• Ohio law does not require rabies vaccination of dogs unless the dog has bitten someone and no proof of rabies vaccination is available. However, it is important for you to ensure your animal remains in good health.  It is recommended that you speak with your vet regarding the recommended vaccinations and overall health of your animal.  Rabies is a fatal disease for which there is no cure.

Request Process (Service-Animal-In-Training)

If you are interested in becoming a handler for a service-animal-in-training you can learn more about this program through the 4Paws and their Puppy Raiser program.  
To learn more about 4 Paws, please visit their website >>

UD students interested in becoming a Handler must apply for the program at the Office of Learning Resources. Student Handlers must meet the criteria defined in the application and be approved for the program. The application is for one handler-dog pair for one specified semester. A new application must be submitted in order to be approved for another semester. Handler teams area encouraged with 2-3 students per team. Student who are unable to be handlers can also get involved by applying to be a sitter.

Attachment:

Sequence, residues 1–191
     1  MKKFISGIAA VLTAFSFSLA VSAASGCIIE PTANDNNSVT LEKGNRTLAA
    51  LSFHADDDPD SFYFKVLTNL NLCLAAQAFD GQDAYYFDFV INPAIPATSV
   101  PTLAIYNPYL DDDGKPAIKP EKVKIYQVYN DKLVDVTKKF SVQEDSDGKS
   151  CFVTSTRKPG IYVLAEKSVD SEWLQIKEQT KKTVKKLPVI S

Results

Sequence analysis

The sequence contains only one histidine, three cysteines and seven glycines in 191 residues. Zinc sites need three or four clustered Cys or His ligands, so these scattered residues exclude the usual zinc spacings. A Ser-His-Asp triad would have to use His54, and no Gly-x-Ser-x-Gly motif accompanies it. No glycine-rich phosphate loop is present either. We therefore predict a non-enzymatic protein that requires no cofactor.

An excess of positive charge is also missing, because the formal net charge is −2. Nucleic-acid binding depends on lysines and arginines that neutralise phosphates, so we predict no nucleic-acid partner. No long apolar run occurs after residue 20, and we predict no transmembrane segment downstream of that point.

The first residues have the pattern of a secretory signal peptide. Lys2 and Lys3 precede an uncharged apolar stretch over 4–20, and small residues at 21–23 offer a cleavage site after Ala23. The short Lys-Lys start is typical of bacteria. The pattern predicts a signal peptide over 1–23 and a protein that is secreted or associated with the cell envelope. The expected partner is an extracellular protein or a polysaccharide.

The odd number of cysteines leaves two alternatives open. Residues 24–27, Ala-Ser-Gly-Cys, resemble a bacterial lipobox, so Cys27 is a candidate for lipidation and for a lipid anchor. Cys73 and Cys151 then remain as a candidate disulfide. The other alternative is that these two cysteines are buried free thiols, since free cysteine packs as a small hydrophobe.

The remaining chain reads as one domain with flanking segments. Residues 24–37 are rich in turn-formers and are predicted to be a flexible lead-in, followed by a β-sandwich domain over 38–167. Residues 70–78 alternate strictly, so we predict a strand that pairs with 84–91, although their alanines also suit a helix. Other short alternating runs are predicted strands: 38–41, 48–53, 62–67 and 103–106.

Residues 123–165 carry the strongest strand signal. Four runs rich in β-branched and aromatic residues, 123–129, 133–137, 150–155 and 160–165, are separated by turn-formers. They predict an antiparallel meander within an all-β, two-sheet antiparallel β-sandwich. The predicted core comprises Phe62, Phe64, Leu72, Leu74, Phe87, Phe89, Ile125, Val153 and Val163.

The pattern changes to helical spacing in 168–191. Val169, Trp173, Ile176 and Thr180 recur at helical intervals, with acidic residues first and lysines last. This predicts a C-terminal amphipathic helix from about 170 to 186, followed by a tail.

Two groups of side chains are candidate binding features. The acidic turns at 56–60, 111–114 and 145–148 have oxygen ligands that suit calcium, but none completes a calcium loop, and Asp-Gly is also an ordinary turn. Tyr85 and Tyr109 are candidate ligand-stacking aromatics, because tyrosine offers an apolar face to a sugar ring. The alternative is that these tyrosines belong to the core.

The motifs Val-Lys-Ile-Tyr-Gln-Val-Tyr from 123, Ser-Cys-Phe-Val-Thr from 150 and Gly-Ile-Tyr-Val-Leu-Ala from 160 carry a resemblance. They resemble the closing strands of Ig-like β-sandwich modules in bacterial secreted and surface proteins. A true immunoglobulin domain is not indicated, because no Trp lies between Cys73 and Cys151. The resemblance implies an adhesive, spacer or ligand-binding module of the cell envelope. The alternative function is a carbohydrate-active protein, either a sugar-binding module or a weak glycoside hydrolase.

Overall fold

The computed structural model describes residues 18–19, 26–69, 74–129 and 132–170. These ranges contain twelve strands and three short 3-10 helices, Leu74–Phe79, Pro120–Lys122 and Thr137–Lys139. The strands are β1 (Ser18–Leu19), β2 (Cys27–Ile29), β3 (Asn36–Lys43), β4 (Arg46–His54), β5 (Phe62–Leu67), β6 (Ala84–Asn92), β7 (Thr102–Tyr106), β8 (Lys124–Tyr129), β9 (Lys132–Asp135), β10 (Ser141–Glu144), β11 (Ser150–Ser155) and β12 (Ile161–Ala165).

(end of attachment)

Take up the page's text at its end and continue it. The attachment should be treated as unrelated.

Below is a list of general rules and information that must be complied with during the duration of the Handler's program.

  • The duration of the Handler's training will comprise of one academic semester
  • Handler must be of either junior or senior standing
  • Handler must not live in a residence hall or a fraternity or sorority house. If the Handler lives in a property that is not owned by UD, the handler must have the permission of his/her landlord
  • Service training dogs must wear (or have visible) their 4 Paws vest and identifying tags while in public
  • Handler must commit to attending the meeting schedule set by 4 Paws
  • Handler must always clean up after his or her dog and must maintain the hygiene of the dog (e.g. odor)
  • Handler must have complete command over the dog at all times and maintain the dog on a leash when in public
  • Dogs must never be chained out in the yard at any time